Topic summary: Innovative therapies


Innovative therapies

Published November 2016

An innovative therapy (IT) is a newly introduced or modified therapy with unproven effects. Unlike research, which follows a predetermined course of action set out in a protocol, experimental or innovative therapy involves a more speculative approach to the patient’s care and may be adapted to the individual’s response. However, such innovations may blur the distinction between treatment and research. Innovative medicines (unlicensed or ‘off-label’ use) are used quite commonly, but there are issues to be explored and addressed concerning other innovative treatments and the recording and sharing of IT results (both positive and negative).

Are there recent scientific, legal or social developments?

The use of ITs has emerged as an important and difficult issue in recent Council reports, such as on children and clinical research and novel neurotechnologies. The recent Ebola outbreak also led to discussion surrounding the acceptability of giving experimental drugs or vaccines to sufferers of the disease outside the confines of a traditional research trial. In March 2016 the UK government passed the Access to Medical Treatments (Innovation) Act 2016 (ATMTI Act 2016) which ‘aims to promote access to innovative medical treatments’ by establishing a database of ITs used in the UK, and the results of those treatments.

Are there complex ethical issues?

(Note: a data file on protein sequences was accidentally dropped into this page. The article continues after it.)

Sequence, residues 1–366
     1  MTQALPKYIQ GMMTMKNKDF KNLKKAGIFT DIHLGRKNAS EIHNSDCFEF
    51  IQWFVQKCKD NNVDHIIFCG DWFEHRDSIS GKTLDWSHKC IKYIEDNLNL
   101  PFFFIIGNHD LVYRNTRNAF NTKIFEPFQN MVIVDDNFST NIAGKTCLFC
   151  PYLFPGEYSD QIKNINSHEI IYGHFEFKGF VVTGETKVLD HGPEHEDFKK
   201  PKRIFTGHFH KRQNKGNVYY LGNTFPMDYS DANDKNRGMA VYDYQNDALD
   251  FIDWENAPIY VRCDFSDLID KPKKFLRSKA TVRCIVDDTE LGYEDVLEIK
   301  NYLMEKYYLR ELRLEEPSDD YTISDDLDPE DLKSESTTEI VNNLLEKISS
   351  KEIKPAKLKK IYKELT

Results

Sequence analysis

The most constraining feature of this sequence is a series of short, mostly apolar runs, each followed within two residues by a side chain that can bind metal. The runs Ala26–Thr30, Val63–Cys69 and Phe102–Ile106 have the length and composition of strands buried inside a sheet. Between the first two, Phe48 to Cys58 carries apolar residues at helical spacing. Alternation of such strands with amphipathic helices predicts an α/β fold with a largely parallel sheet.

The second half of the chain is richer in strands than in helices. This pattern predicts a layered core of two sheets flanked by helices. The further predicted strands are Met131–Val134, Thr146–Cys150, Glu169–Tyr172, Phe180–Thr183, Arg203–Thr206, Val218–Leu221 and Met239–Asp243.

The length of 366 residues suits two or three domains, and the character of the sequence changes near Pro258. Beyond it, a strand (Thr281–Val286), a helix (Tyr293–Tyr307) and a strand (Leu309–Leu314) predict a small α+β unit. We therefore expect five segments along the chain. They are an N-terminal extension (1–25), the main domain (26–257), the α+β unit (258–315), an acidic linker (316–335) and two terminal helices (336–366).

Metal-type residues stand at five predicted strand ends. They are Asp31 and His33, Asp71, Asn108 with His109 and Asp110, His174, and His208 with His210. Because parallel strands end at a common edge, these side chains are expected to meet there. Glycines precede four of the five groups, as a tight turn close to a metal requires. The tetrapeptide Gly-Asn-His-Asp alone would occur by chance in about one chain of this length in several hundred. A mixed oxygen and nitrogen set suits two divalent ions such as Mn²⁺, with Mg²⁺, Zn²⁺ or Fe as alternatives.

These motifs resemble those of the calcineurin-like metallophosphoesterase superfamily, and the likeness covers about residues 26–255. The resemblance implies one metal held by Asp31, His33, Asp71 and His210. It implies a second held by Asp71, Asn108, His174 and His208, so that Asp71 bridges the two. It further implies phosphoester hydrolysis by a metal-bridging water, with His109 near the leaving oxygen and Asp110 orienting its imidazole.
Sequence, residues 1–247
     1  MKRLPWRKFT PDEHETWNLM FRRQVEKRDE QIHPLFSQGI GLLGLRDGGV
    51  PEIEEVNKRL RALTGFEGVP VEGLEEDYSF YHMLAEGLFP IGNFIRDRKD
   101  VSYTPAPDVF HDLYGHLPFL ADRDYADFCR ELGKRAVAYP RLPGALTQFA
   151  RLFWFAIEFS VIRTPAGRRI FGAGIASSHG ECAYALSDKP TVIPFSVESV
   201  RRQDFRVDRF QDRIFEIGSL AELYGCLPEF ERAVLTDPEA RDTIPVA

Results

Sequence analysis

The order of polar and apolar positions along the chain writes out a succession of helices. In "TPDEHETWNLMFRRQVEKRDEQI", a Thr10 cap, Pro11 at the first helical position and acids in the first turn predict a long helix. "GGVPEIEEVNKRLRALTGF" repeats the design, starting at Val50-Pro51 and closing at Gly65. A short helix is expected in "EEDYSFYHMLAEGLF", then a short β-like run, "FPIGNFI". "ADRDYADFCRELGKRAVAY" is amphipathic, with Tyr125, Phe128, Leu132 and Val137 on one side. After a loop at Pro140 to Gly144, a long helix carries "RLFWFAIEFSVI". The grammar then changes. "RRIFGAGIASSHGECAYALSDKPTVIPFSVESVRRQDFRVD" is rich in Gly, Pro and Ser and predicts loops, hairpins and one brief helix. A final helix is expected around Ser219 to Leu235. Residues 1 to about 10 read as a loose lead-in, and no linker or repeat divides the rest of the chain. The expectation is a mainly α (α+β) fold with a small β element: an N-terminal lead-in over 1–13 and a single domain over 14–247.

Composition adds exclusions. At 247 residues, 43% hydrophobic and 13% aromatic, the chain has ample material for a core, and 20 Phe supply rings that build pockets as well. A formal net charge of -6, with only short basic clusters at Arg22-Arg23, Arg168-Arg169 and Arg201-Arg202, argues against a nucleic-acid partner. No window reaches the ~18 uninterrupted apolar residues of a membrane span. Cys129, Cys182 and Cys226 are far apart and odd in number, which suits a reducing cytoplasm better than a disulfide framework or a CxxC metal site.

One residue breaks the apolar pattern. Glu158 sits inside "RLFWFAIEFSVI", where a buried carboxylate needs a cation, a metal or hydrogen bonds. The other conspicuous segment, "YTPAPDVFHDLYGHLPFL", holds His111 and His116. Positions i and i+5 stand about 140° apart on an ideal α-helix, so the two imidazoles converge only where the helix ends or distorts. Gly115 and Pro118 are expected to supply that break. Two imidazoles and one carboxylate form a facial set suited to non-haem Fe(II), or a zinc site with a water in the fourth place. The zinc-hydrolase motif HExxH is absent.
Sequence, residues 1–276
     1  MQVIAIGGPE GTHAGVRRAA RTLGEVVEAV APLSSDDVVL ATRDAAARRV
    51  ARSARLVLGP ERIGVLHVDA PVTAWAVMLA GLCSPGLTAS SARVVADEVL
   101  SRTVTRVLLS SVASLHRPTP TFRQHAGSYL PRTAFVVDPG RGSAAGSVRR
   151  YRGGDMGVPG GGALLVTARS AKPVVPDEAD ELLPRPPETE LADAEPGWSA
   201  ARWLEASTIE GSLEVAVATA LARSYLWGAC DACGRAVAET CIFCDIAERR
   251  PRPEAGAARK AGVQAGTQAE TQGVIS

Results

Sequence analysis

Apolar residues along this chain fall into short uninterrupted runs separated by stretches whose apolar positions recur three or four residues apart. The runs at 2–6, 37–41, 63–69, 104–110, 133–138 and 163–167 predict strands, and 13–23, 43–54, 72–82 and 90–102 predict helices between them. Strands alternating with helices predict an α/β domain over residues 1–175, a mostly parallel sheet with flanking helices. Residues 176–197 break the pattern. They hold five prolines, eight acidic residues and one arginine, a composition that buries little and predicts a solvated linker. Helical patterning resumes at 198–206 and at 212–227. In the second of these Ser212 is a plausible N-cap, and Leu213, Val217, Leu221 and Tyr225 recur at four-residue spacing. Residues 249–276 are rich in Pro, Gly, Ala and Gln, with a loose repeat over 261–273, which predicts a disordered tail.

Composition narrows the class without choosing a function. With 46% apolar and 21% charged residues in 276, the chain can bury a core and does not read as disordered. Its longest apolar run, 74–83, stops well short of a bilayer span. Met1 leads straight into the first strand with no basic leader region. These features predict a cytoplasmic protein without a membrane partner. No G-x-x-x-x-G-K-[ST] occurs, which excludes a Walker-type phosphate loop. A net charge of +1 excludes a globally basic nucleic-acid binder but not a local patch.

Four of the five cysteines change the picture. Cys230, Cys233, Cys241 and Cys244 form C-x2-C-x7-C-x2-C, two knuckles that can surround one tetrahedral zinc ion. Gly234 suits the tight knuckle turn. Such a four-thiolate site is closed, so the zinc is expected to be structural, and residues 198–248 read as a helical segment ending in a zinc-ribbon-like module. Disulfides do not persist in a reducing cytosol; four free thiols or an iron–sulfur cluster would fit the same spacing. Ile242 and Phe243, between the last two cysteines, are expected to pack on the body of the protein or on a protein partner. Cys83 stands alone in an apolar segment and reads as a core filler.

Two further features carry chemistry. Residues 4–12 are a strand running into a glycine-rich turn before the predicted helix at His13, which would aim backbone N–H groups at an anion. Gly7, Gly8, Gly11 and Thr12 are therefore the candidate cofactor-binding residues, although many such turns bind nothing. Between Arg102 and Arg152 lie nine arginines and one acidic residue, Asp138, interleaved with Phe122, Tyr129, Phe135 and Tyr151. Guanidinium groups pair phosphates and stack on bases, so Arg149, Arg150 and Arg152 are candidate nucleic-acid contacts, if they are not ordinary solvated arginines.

The use of ITs raises a number of ethical issues because the border between research and treatment is less clearly defined. Physicians involved in IT will need to be aware of the potential conflict that might arise between the goal of furthering medical knowledge and ensuring the welfare of the individual patient, and the potential for this conflict to undermine trust in the doctor-patient relationship. Patients may feel objectified if doctors view their condition as a subject for experimentation or for professional development via publication. Other patients may view the ability to participate in experimental therapies in a positive light if they see the treatment as their only chance of getting better. However, the ability to give informed consent in this context may be compromised by the emotional pressures of suffering from an incurable and potentially life-threatening condition. Furthermore, implicit trust in the medical profession and in the efficacy of modern medicine may cause both patients and doctors to overlook or downplay the risks inherent in a procedure. There is the question of whether clinicians involved in IT should have a duty to record and share any insight gained regarding the benefits or negative outcomes of the intervention, and if so, how this could best be achieved. This information might be of use to enable other patients to benefit from the same treatments or to avoid suffering the same adverse effects, as well as to guide potential future research strategies. However, this may further blur the distinction between what is considered treatment and what is considered research. There may also be concerns regarding equal access to IT. Patients that are well-informed and confident may request ITs which may also put pressure on health care professionals to offer them.